Balloons have entered the space tourism race as a tech company has announced plans to float passengers to the edge of space.
Flying to the stratosphere in a balloon might make the most hardened passenger queasy but the CEO and president of World View, Ryan Hartman, said it is very safe.
“The ability to ascend to 100,000 feet and have a balloon that has zero pressure on it is really important,” Mr Hartman said.
“What that means is that the pressure on the inside is identical to the pressure on the outside and that being the case, if you have a hole in the balloon, it’s not like it’s going to pop or anything. It’s not going to have any kind of massive impact. In fact, a hole in the balloon is not going to affect the performance of the flight for hours, if not days.”
Unlike hot air balloons, which rise using hot air, the space balloon is filled with helium which expands the balloon as it gets higher, which gives passengers a steadier uplift.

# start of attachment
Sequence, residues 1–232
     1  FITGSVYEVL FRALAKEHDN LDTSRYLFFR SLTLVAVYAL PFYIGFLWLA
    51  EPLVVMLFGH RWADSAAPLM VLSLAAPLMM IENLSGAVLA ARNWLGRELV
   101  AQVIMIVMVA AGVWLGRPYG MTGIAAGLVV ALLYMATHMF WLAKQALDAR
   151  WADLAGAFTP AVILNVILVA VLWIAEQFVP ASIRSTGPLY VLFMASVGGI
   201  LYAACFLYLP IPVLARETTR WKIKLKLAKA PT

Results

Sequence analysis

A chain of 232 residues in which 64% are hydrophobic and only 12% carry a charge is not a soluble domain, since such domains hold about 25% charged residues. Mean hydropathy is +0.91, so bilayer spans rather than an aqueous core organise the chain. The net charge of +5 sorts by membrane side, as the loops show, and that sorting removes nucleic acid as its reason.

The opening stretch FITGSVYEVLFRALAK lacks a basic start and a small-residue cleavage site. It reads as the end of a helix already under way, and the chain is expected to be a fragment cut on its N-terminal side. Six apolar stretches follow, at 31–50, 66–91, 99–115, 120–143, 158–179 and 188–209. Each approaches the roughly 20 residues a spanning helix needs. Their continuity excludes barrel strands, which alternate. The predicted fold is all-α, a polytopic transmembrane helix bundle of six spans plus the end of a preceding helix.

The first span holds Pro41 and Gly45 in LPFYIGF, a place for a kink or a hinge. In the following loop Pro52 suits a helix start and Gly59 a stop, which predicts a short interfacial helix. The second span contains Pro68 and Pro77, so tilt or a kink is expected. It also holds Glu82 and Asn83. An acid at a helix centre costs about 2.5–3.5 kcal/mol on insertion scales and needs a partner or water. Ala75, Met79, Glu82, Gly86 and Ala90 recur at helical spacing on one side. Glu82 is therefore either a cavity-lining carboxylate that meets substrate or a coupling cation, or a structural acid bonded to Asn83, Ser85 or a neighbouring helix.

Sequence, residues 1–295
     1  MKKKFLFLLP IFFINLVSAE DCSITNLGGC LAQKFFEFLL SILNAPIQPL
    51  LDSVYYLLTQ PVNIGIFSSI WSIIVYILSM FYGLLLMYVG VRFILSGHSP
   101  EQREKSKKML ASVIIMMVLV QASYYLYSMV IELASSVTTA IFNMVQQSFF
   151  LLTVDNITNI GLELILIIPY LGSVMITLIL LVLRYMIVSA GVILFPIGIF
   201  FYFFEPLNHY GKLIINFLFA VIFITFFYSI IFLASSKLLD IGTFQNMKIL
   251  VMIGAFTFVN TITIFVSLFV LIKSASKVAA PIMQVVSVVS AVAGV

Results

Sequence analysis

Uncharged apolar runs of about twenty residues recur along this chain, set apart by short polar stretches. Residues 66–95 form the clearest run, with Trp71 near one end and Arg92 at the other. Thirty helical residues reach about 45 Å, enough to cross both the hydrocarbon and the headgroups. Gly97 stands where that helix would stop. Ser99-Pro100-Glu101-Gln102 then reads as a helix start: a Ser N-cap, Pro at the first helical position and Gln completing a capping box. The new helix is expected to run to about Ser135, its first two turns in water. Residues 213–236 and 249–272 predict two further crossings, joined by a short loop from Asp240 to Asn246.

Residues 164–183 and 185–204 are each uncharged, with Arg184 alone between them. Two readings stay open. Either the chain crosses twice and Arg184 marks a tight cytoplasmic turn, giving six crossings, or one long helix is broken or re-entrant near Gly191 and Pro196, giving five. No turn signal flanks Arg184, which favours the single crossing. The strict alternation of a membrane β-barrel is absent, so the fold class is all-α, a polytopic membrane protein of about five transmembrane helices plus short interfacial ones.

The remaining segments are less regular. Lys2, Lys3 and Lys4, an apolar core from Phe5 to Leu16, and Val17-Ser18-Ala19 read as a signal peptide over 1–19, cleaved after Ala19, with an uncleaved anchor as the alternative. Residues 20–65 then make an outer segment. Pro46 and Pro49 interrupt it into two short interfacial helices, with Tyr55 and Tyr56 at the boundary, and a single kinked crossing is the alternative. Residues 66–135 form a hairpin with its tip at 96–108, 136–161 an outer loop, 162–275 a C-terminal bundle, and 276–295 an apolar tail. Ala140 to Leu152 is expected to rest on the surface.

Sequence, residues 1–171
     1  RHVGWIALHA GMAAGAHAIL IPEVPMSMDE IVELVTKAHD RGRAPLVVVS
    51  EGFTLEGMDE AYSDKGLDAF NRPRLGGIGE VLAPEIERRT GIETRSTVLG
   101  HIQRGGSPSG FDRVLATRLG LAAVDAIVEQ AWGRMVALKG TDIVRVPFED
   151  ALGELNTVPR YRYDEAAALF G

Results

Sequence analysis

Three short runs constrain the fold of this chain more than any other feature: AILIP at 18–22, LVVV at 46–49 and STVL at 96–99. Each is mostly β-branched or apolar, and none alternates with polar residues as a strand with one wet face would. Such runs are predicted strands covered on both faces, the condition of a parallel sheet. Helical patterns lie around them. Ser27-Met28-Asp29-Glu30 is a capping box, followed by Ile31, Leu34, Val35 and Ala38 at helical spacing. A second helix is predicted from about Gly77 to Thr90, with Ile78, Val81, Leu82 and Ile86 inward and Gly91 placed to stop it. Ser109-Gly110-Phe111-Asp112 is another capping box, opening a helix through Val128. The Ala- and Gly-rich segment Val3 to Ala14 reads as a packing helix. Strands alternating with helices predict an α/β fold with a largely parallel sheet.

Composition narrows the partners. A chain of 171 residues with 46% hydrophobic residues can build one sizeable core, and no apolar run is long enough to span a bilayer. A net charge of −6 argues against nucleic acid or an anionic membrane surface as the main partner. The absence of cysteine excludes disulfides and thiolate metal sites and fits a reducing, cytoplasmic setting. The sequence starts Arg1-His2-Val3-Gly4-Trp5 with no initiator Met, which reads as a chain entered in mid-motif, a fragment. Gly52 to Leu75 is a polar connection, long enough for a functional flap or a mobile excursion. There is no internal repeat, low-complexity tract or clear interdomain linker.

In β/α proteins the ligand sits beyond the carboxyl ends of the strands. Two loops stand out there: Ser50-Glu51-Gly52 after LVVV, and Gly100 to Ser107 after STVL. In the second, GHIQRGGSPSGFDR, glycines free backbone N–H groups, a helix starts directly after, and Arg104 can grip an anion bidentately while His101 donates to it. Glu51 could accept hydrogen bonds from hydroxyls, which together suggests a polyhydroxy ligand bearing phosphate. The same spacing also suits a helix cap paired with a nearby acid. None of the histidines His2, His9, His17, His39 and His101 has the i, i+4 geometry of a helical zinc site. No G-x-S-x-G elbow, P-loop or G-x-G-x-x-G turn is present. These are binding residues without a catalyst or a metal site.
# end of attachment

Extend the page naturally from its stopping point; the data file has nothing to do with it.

“I think what people are going to be most surprised about is just how gentle it actually is and just how peaceful it is when you’re ascending at 12 miles per hour and you’re slowly seeing the view expand,” he said.
“I don’t think there is a more peaceful way to rise above the planet.”
Mr Hartman said that the company is taking an eco-friendly approach to space travel as there is no pollution from the balloons.
The capsule attached to the balloon also allows passengers to look up and out into space.
“We wanted to enhance that experience by having windows above you while also having an old-fashioned telescope,” said Mr Hartman.
Whereas other space tourism companies like Virgin Galactic and Blue Origin are offering seats for over $200,000, World View is offering tickets at $50,000.
The one element that the balloon experience will not give passengers is weightlessness.
Mr Hartman said: “Our opinion is that weightlessness is a distraction from what the actual experience is which is viewing the curvature of the Earth, viewing it as a living organism, viewing the beauty of it, viewing the fragility of it, all of those things – that’s what our experience is all about.”
World View flights are set to begin in early 2024.